By the way, the logo contest I mentioned before is due to hit the deadline soon: there are barely five days left to submit stuff, and competition will be tough. The unexpected number of entries is likely to give us some (happy) problems: when we started the whole thing we figured out it would have quite easy to choose among 30-50 proposals, which is what we expected to get. At 250, and counting, the task is going to be much harder, and we’ll need to devise a process of some sort. Since I want to get as much people as I can to choose what’s going to be their logo for years to come, and since I’m a convoluted guy, I imagine the best scenario will be:

  • every judge is required to nominate her favorite ten images. Hopefully, this should reduce the initial choice and bring us to 70-100 proposals;
  • everyone will have a right to veto (e.g. delete from the remaining pool) up to two images;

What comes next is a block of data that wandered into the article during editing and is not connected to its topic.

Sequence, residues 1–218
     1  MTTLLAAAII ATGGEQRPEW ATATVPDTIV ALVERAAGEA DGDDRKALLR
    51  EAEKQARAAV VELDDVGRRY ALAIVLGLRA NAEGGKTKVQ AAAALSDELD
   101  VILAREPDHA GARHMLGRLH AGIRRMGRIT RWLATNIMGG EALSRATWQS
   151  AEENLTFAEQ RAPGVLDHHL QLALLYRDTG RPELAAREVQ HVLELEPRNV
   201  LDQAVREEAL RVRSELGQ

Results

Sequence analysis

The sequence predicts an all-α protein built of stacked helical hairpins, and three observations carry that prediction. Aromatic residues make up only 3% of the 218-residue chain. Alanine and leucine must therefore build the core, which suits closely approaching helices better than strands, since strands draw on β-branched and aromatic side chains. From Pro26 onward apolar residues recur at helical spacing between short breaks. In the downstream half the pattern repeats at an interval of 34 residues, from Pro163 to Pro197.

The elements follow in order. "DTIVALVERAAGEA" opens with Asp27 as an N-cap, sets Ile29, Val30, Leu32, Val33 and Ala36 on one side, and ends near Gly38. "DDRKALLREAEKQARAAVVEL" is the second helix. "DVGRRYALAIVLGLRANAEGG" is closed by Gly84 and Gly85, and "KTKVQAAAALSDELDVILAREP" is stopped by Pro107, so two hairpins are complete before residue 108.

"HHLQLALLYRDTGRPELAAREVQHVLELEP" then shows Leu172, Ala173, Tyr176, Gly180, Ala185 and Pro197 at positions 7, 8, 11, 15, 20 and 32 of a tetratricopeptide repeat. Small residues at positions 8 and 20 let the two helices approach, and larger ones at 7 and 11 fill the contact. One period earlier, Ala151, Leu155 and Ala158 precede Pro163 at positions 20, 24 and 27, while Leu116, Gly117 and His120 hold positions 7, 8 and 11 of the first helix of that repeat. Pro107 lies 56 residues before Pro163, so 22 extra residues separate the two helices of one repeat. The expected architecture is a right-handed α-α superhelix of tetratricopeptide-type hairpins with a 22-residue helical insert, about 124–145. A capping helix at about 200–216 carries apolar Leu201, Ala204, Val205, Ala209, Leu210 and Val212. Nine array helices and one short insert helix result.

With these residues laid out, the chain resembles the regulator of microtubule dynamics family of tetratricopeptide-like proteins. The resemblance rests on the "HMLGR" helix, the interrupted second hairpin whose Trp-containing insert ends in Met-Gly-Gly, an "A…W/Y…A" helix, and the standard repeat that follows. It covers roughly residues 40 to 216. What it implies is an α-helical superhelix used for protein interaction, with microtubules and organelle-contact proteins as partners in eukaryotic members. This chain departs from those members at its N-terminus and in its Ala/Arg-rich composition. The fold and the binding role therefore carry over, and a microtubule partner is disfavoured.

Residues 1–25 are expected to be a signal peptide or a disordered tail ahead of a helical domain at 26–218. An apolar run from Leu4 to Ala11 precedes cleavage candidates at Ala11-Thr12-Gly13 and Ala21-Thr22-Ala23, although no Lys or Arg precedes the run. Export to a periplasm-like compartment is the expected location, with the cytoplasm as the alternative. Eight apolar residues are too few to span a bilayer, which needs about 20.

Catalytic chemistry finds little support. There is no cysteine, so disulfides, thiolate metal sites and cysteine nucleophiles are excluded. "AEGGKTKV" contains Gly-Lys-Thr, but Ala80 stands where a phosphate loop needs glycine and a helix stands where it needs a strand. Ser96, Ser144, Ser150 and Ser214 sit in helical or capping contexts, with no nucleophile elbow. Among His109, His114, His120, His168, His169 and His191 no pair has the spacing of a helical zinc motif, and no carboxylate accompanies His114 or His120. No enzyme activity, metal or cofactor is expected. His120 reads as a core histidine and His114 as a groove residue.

• the result will then be ready for the final ballot, and I’m planning to use some kind of voting tool that allows to declare preferences, ending up with some sort of scoring (suggestions, anyone?). Ideally, the results of this vote should be able to provide us with the final leaderboard, and the winner.

If everything goes smoothly as axpected, I hope we will be able to choose a winner in a reasonable amount of time, and send the Macbook Pro/iPod combo to the winners. From then on, it will be a massive rush to get our site designed, our content crafted and translated and everything else ready for our public start!

Update: we spent 2.5 hours waiting for de-icing to happen, which was enough time for a bunch of middle-aged Dutch guys to get drunk and keep on shouting, especially while the captain was trying to tell us what was going on. I hit home around midnight, and my first meeting tomorrow is at 9AM sharp. Oh my…